The dog had a grooming appointment, and Will begged to go with me to drop him off. Afterwards, we wandered off towards Michael's, where I could spend hours by myself. :) We headed to the yarn aisle (naturally) to look for some yarn for a swap that I am participating in on Ravelry.
There was a woman in the yarn aisle, older than me and wearing jeans and a pink cardigan sweater. She sees us looking at the yarn and Will asking for me to teach him to knit, and says "Excuse me....could I ask your opinion on this yarn?" This is not the first time that this has happened to me, I enjoy talking to other yarn lovers in places like this. We got to talking, while Will hid behind me a little bit. Her name was Debbie, and she is a bus driver in a town nearby. She was going to make a pink and white blanket, and wasn't sure the two yarns that she picked out worked together. (They didn't.) We were in the baby yarn aisle and I suggested a brand and asked if she was going to make it for a baby. She said no, that she was crocheting it for her daughter-in-law. Then the bomb dropped---the daughter-in-law is 23 years old and has recently been diagnosed with ALS. (Lou Gehrig's disease.) She said that she hadn't crocheted in years....but wanted to do something to think about something other than the awful cards that the family has been dealt. I can understand that.... as I often turn to my knitting and yarn when I need some soothing.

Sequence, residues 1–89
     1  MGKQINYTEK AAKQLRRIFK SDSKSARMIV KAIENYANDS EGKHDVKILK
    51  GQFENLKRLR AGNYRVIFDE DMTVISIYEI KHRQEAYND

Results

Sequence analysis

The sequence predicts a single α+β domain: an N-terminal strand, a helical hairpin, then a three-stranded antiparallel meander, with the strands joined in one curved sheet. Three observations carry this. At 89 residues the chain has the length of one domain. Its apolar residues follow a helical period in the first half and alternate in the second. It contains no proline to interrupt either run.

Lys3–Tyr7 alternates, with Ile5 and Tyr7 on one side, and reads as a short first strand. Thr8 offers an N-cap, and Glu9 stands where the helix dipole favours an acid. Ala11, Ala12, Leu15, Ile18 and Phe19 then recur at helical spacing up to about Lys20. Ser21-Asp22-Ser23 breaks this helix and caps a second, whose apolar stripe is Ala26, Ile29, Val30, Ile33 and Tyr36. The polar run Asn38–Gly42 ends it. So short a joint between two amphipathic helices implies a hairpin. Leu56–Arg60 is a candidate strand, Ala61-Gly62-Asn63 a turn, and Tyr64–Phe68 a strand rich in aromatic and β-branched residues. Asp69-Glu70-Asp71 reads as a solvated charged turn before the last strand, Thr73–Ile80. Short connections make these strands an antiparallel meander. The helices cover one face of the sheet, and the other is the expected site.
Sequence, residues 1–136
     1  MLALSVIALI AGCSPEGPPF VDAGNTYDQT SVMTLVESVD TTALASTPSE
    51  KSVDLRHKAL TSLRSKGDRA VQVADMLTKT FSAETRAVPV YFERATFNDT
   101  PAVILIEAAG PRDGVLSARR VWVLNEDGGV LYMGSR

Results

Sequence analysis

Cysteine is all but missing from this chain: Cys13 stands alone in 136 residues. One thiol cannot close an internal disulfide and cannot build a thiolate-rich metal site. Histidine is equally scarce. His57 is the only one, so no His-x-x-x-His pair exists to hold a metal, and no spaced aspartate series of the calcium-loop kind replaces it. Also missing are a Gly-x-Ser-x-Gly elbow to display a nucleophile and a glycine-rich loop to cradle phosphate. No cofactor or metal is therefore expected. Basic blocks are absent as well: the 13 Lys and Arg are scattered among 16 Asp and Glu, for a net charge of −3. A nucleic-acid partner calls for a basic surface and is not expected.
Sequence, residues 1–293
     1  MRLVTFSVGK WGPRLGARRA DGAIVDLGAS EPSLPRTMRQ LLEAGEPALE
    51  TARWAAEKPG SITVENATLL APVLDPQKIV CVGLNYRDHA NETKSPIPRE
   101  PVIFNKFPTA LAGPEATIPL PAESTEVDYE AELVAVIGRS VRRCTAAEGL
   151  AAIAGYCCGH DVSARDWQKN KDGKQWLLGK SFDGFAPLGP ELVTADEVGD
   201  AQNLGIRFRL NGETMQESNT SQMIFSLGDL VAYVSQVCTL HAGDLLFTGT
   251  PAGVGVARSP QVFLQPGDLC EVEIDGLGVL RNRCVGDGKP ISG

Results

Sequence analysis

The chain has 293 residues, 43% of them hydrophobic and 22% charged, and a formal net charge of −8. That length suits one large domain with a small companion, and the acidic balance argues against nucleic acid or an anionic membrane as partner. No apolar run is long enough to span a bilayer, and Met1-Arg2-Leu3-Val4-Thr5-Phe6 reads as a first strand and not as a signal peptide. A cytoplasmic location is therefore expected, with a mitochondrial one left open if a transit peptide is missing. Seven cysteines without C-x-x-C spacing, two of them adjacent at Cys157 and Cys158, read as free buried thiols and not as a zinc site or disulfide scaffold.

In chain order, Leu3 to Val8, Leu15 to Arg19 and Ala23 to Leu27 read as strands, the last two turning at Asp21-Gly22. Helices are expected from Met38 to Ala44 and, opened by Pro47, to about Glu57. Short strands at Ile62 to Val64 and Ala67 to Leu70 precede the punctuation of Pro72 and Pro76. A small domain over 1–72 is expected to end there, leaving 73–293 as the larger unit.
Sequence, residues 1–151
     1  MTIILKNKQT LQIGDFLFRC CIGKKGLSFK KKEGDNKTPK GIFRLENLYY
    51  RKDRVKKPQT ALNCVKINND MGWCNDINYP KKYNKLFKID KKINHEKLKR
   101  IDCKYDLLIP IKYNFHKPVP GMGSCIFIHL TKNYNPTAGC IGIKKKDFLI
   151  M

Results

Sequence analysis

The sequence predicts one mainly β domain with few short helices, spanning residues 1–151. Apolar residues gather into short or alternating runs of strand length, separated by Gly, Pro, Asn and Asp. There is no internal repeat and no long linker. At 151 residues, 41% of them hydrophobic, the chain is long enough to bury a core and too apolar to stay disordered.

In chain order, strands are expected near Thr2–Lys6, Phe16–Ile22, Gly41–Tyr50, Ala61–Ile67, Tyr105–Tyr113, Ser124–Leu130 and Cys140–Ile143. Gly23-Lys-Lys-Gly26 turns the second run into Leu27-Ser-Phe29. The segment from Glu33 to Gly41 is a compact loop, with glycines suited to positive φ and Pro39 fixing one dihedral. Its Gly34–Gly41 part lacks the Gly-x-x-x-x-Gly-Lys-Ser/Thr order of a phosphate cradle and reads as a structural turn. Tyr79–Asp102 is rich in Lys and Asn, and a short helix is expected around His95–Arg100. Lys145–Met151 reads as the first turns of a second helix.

I recommended a yarn to her for her project, Lion Brand "Pound of Love," because it is durable, soft acrylic and can be tossed in the washer and dryer. And hey, look at that, it's on sale! However, there was plenty of pink, but no white. I suggested that she ask if Michael's has some in the back room, and she thanked me. Will and I made our way to the other yarns. We ran into her later, and she said that they had no more white. After a second to think, I handed her my business card and told her that if she still wanted to make it in pink and white that I had a big ball of white Pound of Love at home that I wasn't using. She almost burst into tears, and probably didn't believe that this stranger in the yarn aisle could be so nice. She took the card and said that she would call.
When we got to the car, Will of course called me out for talking to a stranger. (He did warm up to her, by the way, and tell her that his name was Will.) I explained the exact thing that I have been thinking what our teaching about strangers has been missing. "Sometimes you have to show a stranger a little kindness, if that's what they need."